The launch also included Flight Opportunities–supported tests for three other technologies. They included an autonomous flight termination system from NASA’s Kennedy Space Center in Florida, a micro-avionics system from Tyvak Nano-Satellite Systems and a ADS-B transmitter prototypefrom the Federal Aviation Administration. Development teams for each experiment aim to gather data that will help them advance their technologies, working toward eventual inclusion on NASA missions or commercial space vehicles, including dedicated small payload launchers.

** Space plane projects in Germany and Japan: Advanced technology, investment clearing way for spaceliners –

Development of spaceplanes for suborbital tourism, satellite launches and point-to-point terrestrial transportation are benefiting from advanced technology, panelists said at the Space Tech Expo Europe here.

“It was completely different 30 years ago,” said Koichi Yonemoto, co-founder and chief technical officer of Space Walker, a Japanese startup developing a suborbital spaceplane to launch satellites and, later, carry tourists. “At that time, everyone wanted to do single stage to orbit. To do that, you need a very efficient air-breathing engine. We did not have such an engine.”

*** POLARIS Raumflugzeuge (POLARIS Spaceplanes) of Germany is developing the Aurora Launcher, a two-stage system with a reusable suborbital winged rocket vehicle and an expendable upper-stage.

    • Two-Stage-To-Orbit, 1150 kg LEO payload
    • Reusable main-stage, small expendable upper-stage  
    • LOX/kerosene propulsion
    • Conventional runway take-off & landing
    • Based on >30 years of research on rocket-propelled spaceplanes in Germany
Artist’s rendering of Aurora spaceplane. Credits: Polaris Spaceplanes

** Japan’s SPACE WALKER developing a suborbital Space Plane:

SPACE WALKER was established in December 2017 with the aim of designing and developing sub-orbital space planes and providing operational services with the aim of creating a future where anyone can travel to space as easily as riding a plane. Currently, we are working on the development of a sub-orbital space plane for scientific experiments scheduled to be launched in 2022 with a technology partner company (* 2).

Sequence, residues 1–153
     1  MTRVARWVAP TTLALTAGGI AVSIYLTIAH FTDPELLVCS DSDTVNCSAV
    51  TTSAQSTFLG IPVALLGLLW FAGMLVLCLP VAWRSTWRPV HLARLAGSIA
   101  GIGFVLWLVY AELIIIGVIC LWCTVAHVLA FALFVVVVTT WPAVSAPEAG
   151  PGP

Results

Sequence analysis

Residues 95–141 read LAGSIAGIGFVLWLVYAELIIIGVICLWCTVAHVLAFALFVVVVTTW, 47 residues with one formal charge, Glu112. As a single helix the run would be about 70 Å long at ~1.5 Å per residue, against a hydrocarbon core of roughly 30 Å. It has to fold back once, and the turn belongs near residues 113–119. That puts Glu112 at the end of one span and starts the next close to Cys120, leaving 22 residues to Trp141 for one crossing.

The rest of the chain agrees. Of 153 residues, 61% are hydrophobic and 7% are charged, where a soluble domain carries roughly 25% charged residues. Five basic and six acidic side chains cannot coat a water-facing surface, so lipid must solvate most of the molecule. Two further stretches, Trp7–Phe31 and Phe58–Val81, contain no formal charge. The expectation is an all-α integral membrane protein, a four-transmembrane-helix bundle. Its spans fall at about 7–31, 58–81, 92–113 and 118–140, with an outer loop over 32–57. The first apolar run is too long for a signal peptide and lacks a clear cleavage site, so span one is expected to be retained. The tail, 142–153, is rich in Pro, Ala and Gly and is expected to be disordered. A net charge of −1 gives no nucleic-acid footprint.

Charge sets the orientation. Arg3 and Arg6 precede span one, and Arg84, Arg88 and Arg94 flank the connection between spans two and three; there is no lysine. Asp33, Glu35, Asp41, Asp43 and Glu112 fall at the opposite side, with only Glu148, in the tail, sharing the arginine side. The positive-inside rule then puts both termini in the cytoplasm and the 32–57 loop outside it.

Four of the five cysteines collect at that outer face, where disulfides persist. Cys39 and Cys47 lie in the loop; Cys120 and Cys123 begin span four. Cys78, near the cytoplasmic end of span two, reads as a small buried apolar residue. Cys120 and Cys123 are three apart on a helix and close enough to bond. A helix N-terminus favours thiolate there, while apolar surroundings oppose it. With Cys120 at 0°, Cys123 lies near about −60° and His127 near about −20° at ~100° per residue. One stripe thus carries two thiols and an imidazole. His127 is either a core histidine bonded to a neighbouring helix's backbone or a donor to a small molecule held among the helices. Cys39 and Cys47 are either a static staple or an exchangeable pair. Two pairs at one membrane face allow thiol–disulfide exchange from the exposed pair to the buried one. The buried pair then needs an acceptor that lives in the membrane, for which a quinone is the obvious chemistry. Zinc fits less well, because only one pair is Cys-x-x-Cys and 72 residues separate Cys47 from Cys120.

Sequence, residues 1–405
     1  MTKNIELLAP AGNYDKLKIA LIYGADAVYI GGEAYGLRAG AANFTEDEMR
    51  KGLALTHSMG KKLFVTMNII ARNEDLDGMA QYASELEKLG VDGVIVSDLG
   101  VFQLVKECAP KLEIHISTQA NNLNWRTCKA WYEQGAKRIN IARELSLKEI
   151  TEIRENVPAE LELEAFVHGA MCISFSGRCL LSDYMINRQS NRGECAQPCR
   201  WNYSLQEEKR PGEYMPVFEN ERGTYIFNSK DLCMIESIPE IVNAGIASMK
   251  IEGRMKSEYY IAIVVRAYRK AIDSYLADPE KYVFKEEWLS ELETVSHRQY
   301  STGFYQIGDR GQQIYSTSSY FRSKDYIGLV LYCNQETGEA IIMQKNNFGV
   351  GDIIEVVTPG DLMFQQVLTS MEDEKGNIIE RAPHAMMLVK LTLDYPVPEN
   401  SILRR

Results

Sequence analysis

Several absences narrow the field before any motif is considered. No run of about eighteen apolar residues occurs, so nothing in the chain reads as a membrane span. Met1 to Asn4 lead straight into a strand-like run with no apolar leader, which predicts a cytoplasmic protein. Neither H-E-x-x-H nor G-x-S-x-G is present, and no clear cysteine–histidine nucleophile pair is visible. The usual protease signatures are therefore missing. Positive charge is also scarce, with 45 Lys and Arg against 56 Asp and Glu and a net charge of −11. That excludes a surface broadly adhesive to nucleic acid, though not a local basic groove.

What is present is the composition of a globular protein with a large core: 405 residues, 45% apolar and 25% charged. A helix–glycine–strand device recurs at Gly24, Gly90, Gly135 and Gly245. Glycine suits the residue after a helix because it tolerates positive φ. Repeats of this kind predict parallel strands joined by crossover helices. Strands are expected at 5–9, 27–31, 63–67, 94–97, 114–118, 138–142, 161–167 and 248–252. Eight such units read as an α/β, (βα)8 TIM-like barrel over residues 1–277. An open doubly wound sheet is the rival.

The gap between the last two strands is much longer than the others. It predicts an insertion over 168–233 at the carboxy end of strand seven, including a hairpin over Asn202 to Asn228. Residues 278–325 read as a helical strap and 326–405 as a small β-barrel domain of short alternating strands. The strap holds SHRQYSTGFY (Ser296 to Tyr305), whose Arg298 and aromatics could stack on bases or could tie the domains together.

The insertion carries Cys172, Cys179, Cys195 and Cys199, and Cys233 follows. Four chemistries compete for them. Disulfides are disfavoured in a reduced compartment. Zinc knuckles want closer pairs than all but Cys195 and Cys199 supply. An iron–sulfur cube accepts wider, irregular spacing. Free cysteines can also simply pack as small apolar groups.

As of October 15, 2018, the angel round for the purpose of maintaining the development team structure and the basic concept of the aircraft was completed, and we received support from many people including Chairman Kasahara of Mixi Inc. We have been working on development with technology partners.

As of September 30, 2019, we have raised 370 million yen [US$3,405,850] in total from the Angel Round in less than two years since our establishment in December 2017.

Through this funding, we will strongly advance the research and development of a sub-orbital space plane technology demonstration machine that will be launched in 2022.

** Watch China’s Chang’e 4 spacecraft land on the Moon:

** Progress on construction of Blue Origin facilities for New Glenn at the Cape:

** Virgin Galactic aspires to long distance point-to-point travel : Virgin Galactic’s real goal may be point-to-point travel around Earth | Ars Technica.

However, it must be pointed out that the rocket performance required to go halfway around the world on a ballistic flight is only slightly less than going into orbit. So VG will need to achieve a substantial upgrade from the suborbital SpaceShipTwo to a P2P vehicle.

** SpaceX:

*** SpaceX to launch Falcon 9 with Cargo Dragon on CRS-19 mission to the ISS. Liftoff currently set for Wednesday, Dec.4th at 12:51 pm EST (1751 GMT) from Cape Canaveral.

A static test firing of the F9 engines is expected today: